Respiratory symptoms related to flour dust exposure are significantly high among small and medium scale flour mill workers in Ethiopia: a comparative cross-sectional survey


Background: International Labour Organization (ILO) report indicates more than 2.4 million workers die from work-related diseases and accidents each year. Work-related respiratory ailments related to airborne particulate matter such as flour dust are responsible for about 386,000 deaths and 6.6 million illness-adjusted life years. Even though exposure to flour dust together with the extreme expansions of flour mill sectors is a priority health concern, extent of the problem is little investigated in Ethiopia. The aim of this study was to evaluate the magnitude and risk factors of work-related respiratory symptoms among flour mill workers in Bahir Dar City, Ethiopia.

Methods: This study employed a comparative cross-sectional survey of 560 samples (280 exposed group from flour mill workers and 280 unexposed group from office workers) with a stratified random sampling technique. The study was conducted from March to April 2019 in Bahir Dar City, Northwest Ethiopia. We used the British Medical Research Council (BMRC) questionnaire to assess work-related respiratory symptoms. The questionnaire was pretested and interview administered to collect data. Binary logistic regression analysis was fitted to evaluate significant factors of respiratory symptoms at a < 0.05 p value. Adjusted odds ratio (AOR) with a confidence interval (CI) of 95% was calculated to determine a strength of association.

Results: All the sampled participants had fully responded to the interview. The median age of exposed and unexposed groups was 28.5 interquartile range (IQR, 20) and 31 (IQR, 15) years, respectively. The prevalence of work-related respiratory symptoms among flour mill workers was substantially higher than that of among controls, 63.9% and 20.7%, respectively (Χ2 = 107.11; p < 0.0001). Chest illness among flour mill workers was higher, 43.6% (N = 122) compared to that of among control group, 7.9% (N = 22) followed by dyspnea, 33.6% (N = 94) versus 2.5% (N = 7) among flour mill workers and control group, respectively. Age > 35 years [AOR, 2.03; 95% CI (1.34, 5.48), having no education [AOR, 1.54; 95% CI (1.28, 3.06)], work set up with inadequate ventilation [AOR, 2.05; 95% CI (1.18, 3.56)], work experience > 5 years [AOR, 1.89; 95% CI (1.23, 4.67)] and having no training in safety [AOR, 2.45; 95% CI (1.45, 4.76)] significantly affected the experience of respiratory symptoms among flour mill workers whereas age [AOR, 1.79; 95% CI (1.06, 3.04)], monthly salary [AOR, 1.98; 95% CI (1.04, 3.78)] and exposure status [AOR, 5.18; 95% CI (3.34, 8.04)] were detected to be significant factors of respiratory symptoms in the exposed and the unexposed combined model.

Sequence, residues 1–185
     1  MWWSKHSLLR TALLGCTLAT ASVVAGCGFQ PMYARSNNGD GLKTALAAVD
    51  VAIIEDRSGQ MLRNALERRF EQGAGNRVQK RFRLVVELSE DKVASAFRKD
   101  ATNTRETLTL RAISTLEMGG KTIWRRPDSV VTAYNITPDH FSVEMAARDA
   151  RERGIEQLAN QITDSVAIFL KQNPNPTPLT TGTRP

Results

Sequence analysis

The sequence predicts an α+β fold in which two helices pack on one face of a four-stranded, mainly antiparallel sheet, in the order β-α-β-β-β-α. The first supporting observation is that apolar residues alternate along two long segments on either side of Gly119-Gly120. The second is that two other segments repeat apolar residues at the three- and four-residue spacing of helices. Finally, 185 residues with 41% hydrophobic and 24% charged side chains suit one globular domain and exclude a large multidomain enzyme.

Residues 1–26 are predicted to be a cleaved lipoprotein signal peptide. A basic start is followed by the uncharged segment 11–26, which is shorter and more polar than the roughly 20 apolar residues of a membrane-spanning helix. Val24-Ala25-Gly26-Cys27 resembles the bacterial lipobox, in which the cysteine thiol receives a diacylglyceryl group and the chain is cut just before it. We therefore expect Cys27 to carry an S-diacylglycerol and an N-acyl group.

Conclusion: Respiratory symptoms emanating from exposure to various flour dusts were significantly higher among flour mill workers than among the control group. Therefore, we recommend the need to effectively implement health and safety programs that account for the reduction of dust at a source, use of engineering controls (e.g., provision of adequate ventilation systems), use of administrative measures (e.g., training program and health surveillance) and provision of a suitable personal protective equipment (PPE). Furthermore, it is vital to integrate workplace health and safety programs to the wider public health policies and strategies to effectively mitigate the burden of work-related respiratory conditions. We also encourage future studies to evaluate concentration of flour dusts combined with physical examinations to establish plausible associations of respiratory symptoms with dusts of flour mill-related origin.

Authors: Tesfaye Hambisa Mekonnen, Awrajaw Dessie, Amensisa Hailu Tesfaye
; Full Source: Environmental health and preventive medicine 2021 Sep 29;26(1):96. doi: 10.1186/s12199-021-01019-y.